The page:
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250 million migrants in the world. their remittances will total 600 billion, $24 billion from mexico, as mary suggested. these flows are going overn all over the world. in latin america,a, for instanc between brazil and mexico, mexico and ecuador, all over africa. and the idea that you can stop that economic activity on that scale is simply feckless. >> you would think there would be black markets to go around this. >> for sure. there's a million different ways. when i go to mexico, i use the atm. i take pesos out of the atm machine from my bank. and certainly a lot of illegals living here have family members or families who are legal, so they can also use them to send the money. >> would this ultimately lead to capital controls on everybody, that somehow if you really wanted to stop this -- because dan points to the practical problems and so do you, that you'd have to basically say we're no longer going to allow the ease of capital transactions between mexico and the u.s.? >> that's exactly right.
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the only way you could do it is with capital controls and that's preposterous. the north american economy is so integrated right now in terms of manufacturing and commerce in general, that if you tried to put capital controls -- you mentioned americans living in mexico. there's something like 30 million american tourists who go to mexico every year. then there's auto manufacturing, where the different components of a car are made here or in canada. >> cash loose back and forth. >> supply chains are totally integrated. and if you tried to put capital on that, mexico is our second largest country that we export to. so if you put capital controls on, you would kill the economy. >> briefly, mary, you've known mexican presidents and finance ministers going back decades. how do you think they'd react to that kind of an ultimatum? >> they would not comply. they would simply say we will not do it. right now in mexico, one of the most popular things to do is buy a donald trump pinata and beat
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the stuffing out of it. so mexican politicians who are very populous themselves, are not going to comply. >> we have to take one more break. when we come back, our hits and misses of the week. trugreen presents the yardley's. sfx: leaf blower dad! sorry. spring is on. start your trugreen lawn plan today. trugreen. live life outside. but i've managed.e crohn's disease is tough, except that managing my symptoms was all i was doing. and when i finally told my doctor, he said humira is for adults like me who have tried other medications but still experience the symptoms of moderate to severe crohn's disease. and that in clinical studies,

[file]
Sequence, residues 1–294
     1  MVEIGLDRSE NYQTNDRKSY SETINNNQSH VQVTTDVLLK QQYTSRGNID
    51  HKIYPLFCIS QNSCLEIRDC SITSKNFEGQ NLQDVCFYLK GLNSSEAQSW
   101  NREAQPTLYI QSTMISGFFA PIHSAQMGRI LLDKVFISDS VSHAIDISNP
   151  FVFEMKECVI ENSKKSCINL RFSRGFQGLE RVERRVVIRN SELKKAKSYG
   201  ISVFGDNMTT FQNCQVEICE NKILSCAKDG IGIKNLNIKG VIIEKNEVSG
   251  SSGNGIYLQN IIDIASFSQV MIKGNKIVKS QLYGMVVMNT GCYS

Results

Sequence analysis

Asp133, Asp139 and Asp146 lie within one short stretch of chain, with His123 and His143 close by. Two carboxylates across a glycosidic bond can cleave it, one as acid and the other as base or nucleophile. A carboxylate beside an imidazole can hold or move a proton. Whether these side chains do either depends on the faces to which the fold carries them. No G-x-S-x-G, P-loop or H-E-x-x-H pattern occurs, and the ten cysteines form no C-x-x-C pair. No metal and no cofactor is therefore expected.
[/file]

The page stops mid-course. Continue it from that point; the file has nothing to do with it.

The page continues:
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over ten years? mhm, geico's the company your friends and neighbors trust. and deservedly so. indeed. geico. expect great savings and a whole lot more. time now for our hits & misses of the time now for our "hits and misses" of the week. kate, start us off. >> this is a miss for jerry brown, the democratic governor of california. this week, he signed a law that will increase the state's minimum wage to $15 an hour, and he said this may not make sense economically, but it's part of living in a moral community. and this homily from the apostle jerry will not resonate with people in the central valley who will lose their jobs. >> where they have really high unemployment in the central valley. all right, joe. >> i had to laugh this week, an e-mail from the consumer product safety commission, warning that a line of ivanka trump scarves
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had been recalled for posing a severe burn risk. naturally, these highly flammable products were made in china. and mr. trump doesn't apologize for outsourcing, even as he criticizes other companies for doing so. but the interesting thing is that the apparel industry is bringing jobs back to america because we have much better quality control here. so mr. trump, for the sake of public safety, bring those jobs home. >> all right, james. paul, this is a hit to merle haggard, who passed away this week. one of america's great singers, song writers, inspired millions of people, and was a patriot even when it wasn't cool. even when it was tough during the vietnam era. so we owe him a great debt. i think he has something to tell us now, which is the best of the free life is still yet to come. he never lost his optimism about the country. >> do you trust the consumer product safety commission, joe, on these judgments about scarves? >> they're 100% rayon. very dangerous. >> all right. if you have your own hit or
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miss, be sure to tweet us to us. that's it for this week's show. thanks to my panel and all of you for watching. hope to see you right here next week. hello, everyone. i'm eric shawn. this is "america's election headquarters." >> i'm arthel neville. donald trump just moments arkansas wrapping up a rally in rochester, new york. this as his campaign is reportedly undertaking a new strategy. what is it and will it work? a beloved football player has been shot dead after a car accident last night. his wife seriously wounded. what we're learning about the suspect and how this horrible tragedy may have unfolded. prosecutors in belgium say the brussels terrorists initially planned a second attack in paris, but were